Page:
Alchemists is one of the hottest games at the 2014 Essen game fair, so it feels redundant to be describing what the game is like, since many others have already written about it. I'm tempted to skip the overview and jump straight to my thoughts, but that feels incomplete. So hopefully this doesn't bore you.
Alchemists is classified as a deduction game. You are professors of alchemy at a university in a fantasy world, and you are competing to discover the alchemical properties of eight ingredients. You perform experiments, and from the results of these experiments, you try to deduce what the alchemical components are. Let's start with a lesson on basic alchemy.
Every ingredient has three alchemical components, red, green and blue. A component is either large or small. It is either positive or negative. To determine what kind of potion you produce when mixing two ingredients, you need to find the component with a matching sign, where it is large in one ingredient but small in the other. All four pairs of ingredients above will produce the negative blue potion - the insanity potion.
Everyone starts the game knowing nothing about any of the eight ingredients. The alchemical components of the ingredients are randomised every game. The game is played over six rounds, and it uses a worker placement mechanism for players to select and execute actions. You forage for ingredients at the forest, you make potions to test on students, you test them on yourself, you try to sell them to visiting adventurers, you publish theories, you debunk theories, you transmute ingredients into gold coins. Testing potions, selling them to adventurers, and debunking theories are actions which will give you information. You need a smartphone app for these. Mixing potions require spending two ingredients from your hand. Your opponents won't see what you are mixing, but you have to announce what potion is produced. Debunking a theory does not consume any ingredient. You challenge a component of a specific colour of a specific published theory, and the app will tell you whether the sign of that component is indeed wrong.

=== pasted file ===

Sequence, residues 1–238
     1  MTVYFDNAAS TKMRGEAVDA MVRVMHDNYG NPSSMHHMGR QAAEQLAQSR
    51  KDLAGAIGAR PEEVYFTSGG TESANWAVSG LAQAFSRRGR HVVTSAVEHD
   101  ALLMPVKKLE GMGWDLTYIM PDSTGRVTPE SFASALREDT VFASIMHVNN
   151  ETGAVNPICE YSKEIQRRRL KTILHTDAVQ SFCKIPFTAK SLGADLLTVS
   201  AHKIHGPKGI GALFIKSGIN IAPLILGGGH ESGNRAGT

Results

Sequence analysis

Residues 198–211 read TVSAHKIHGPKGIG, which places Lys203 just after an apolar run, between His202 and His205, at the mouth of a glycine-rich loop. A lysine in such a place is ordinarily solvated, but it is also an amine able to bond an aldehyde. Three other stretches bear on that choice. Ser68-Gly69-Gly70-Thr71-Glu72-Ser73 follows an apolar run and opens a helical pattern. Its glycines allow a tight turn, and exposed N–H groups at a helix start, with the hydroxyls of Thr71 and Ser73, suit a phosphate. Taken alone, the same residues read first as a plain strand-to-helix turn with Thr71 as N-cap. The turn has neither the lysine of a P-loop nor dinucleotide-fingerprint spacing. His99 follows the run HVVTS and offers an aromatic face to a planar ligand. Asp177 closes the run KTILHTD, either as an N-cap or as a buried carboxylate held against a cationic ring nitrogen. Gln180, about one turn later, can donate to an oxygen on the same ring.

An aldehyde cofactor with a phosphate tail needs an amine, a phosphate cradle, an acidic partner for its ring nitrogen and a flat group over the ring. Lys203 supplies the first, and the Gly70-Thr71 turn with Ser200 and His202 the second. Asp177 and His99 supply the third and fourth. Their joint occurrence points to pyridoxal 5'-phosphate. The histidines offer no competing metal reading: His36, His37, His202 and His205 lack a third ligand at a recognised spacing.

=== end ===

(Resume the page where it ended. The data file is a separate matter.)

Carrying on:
Behind the player screen. The triangular area with many round holes is your experiment results grid. I have placed a negative red marker at the intersection of mushroom and fern, which means mixing these two ingredients produces poison.
This piece of paper with an 8x8 grid is for you to take notes. I have put crosses next to the combinations which I know are impossible, based on the information I know so far.
The smartphone app uses your phone camera to detect the two ingredients you are trying to mix. Press "Confirm" and the result will be displayed.
This is a small player board which you put in front of your player screen. You put tokens here to remind others of the types of potions you have produced. The box on the left is for your grants. Whenever you get a grant, put it here. Each grant is worth 2VP at game end.
There are several ways to score points, and most of them are related to publishing and debunking theories. You gain reputation each time you publish (reputation points are converted to victory points during final scoring). Every round, the alchemists with the most theories gain reputation. During conferences, you gain or lose reputation depending on how much publishing you've done. At game end, the app announces the alchemical properties of all ingredients. For each correct theory, you gain points. For each wrong theory, you lose points. This final revelation makes up a significant chunk of overall scores. There is one special type of theory, which I call the caveat theory. When you publish this type of theory, you secretly put a caveat in the appendix saying that you're actually unsure about one of the three components. If the theory is later found to be wrong only for that specific component, you don't lose face because hey you had stated a caveat albeit in small print. However if the theory is later found to be correct afterall, you don't gain points either. There is value in publishing such caveat theories because: you do gain reputation up front, you may gain more reputation every round if you are most-published, you may win grants from the university, and of course, you look good at conferences. Another thing to consider is such caveat theories may help to mislead your opponents.